• Christian L
    Posts: 1421
    Joined: Aug 7th, 2006
    Re: Logic 403 Mixing R&B
    [quote:7638]Hey, Who is Chris? ;) Rounik[/quote] I am. ;-)
  • French Composer
    Posts: 18
    Joined: Oct 10th, 2007
    Re: Logic 403 Mixing R&B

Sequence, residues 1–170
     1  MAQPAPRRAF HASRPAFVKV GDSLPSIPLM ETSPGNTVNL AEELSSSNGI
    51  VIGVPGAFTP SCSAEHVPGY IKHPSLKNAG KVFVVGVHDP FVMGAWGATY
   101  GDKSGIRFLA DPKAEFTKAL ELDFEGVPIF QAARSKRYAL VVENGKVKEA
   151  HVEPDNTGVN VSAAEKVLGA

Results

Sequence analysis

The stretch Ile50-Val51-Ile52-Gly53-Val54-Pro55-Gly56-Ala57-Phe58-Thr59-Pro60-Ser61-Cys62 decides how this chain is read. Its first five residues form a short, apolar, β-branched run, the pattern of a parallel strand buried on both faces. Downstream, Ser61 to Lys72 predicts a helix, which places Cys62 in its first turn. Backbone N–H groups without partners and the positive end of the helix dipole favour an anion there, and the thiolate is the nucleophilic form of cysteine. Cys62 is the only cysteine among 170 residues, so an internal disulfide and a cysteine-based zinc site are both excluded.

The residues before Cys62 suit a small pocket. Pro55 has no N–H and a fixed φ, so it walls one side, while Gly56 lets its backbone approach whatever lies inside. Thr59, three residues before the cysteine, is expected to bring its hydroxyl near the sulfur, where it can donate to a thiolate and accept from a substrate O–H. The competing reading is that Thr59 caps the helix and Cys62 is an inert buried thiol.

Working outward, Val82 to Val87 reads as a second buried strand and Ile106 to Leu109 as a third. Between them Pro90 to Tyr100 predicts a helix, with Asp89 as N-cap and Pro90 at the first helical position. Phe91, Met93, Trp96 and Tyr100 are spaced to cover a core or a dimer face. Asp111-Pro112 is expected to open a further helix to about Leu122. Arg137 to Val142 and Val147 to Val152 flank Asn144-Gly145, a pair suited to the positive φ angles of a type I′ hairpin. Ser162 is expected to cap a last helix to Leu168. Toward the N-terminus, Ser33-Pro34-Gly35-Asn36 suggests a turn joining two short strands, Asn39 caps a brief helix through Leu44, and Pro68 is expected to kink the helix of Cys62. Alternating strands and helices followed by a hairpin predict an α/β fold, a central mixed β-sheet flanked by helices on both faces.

I know i know i did an awful mistake and am extremely sorry ! I promise it will never happen again on this forum and everywhere :) Nonetheless my remarks about this tutorial worth to be read ... The non-use of compression could feed an interresting discussion. I've read also an interview of Bruce Sweeden (Michael Jackson's sound ingeenier) on gearsslutz forum where he's talking about compression. Here's what he says : Originally Posted by lawrence_o Hey Bruce, So if you're not using compression, or not a lot, I can imagine you'll be having a lot of dynamic range in your mixes. How do you deal with that on the mix-bus? I mean, do you put a limiter on it, a bus-compressor (if so which one?)? Or do you just record it a few dB from the max and let the mastering engineer do whatever he wants tih it? If so, do you tell the M.E. then "No maximizing! No heavy limiting on my tracks!"? Thanks. Cheers Lawrence Lawrence..... When my mixes go to the mastering room, they don't need much. They are ready!!! Of course that sounds a bit egotistical, but I always strive for that... If you can, ask Bernie Grundman... I'm sorry, but it sounds to me like you are listening to what your pals tell you to do! All that compression and limiting is ABSOLUTELY UNNECESSARY!!! It only minimizes the drama of the music!!! At least that's what I think.... If you don't allow those transients to live, you are destroying the most dramatic element in "Pop" music!!! Here's what I am talking about.... I am frequently asked to define transient response, as it applies to music recording. Here are some of my toughts on this very important subject. First let’s try to define the basic issue. A- Transient response in electronic recording equipment, is the ability of a device or electronic component, to handle and faithfully reproduce sudden waveforms called transients. A transient is a short duration, high level sonic energy peak, such as a hand-clap ot snare drum hit. Any sound source in the percussion family requires excellent transient response in the recording equipment to sound real. B- To me, a sound transient is the steep wave-front of the sound. In other words, the transient of the sound is the first impact of the sound before the sound falls and begins to decay, or die. Good transient response is especially important when recording acoustic instruments. This is one case where it’s extremely important for one to have equipment that is able to capture as much of the initial transient as possible, and all it’s accompanying delicate details. In the music that I am normally involved in, I have always felt that good transient response is one of the very most important components of the recorded image. I would even go so far as to say that transient response has at it’s core a direct relationship to the emotional impact of a recording. Particularily in the main genre’s of music that I record.... namely R & B and ‘Pop’ recordings. Faithful recording and reproduction of sound source transients make the strong rhythmic elements of music much more dramatic. These are the elements that are so important to R & B and ‘Pop’ recordings, such as the ‘Kick’ drun, the ‘Snare’ drum, hand-claps, percussion...etc. I think that well recorded transients give R & B and ‘Pop’ recordings a feeling of tremendous energy. To me, compression and limiting diminish the drama of sound source transients in recorded music. Along that same line of thinking, I should also point out that I am not a big fan of over-compression and over-limiting anywhere during the recording process. To me, when R & B and ‘Pop’ recordings are over-compressed and over-limited they lack the extemely fundamental qualities of both primitive energy and smooth high-frequencies. The reason that over-compressed and over-limited recordings lose high end energy, is that much of the sound energy in a recording is concentrated in the lower frequencies. These low-end signals will negatively influence a wide-band compressor’s operation, causing higher frequencies to be attenuated during peaks in level, making the music sound dull and lifeless. Personally, I love transients and what they do to dramatize music. let them live! If a recording is over-compressed, it will always be over-compressed. In other words, it will sound dull and lifeless forever! Bruce Swedien I thought it could be interresting to read it ... Olivier aka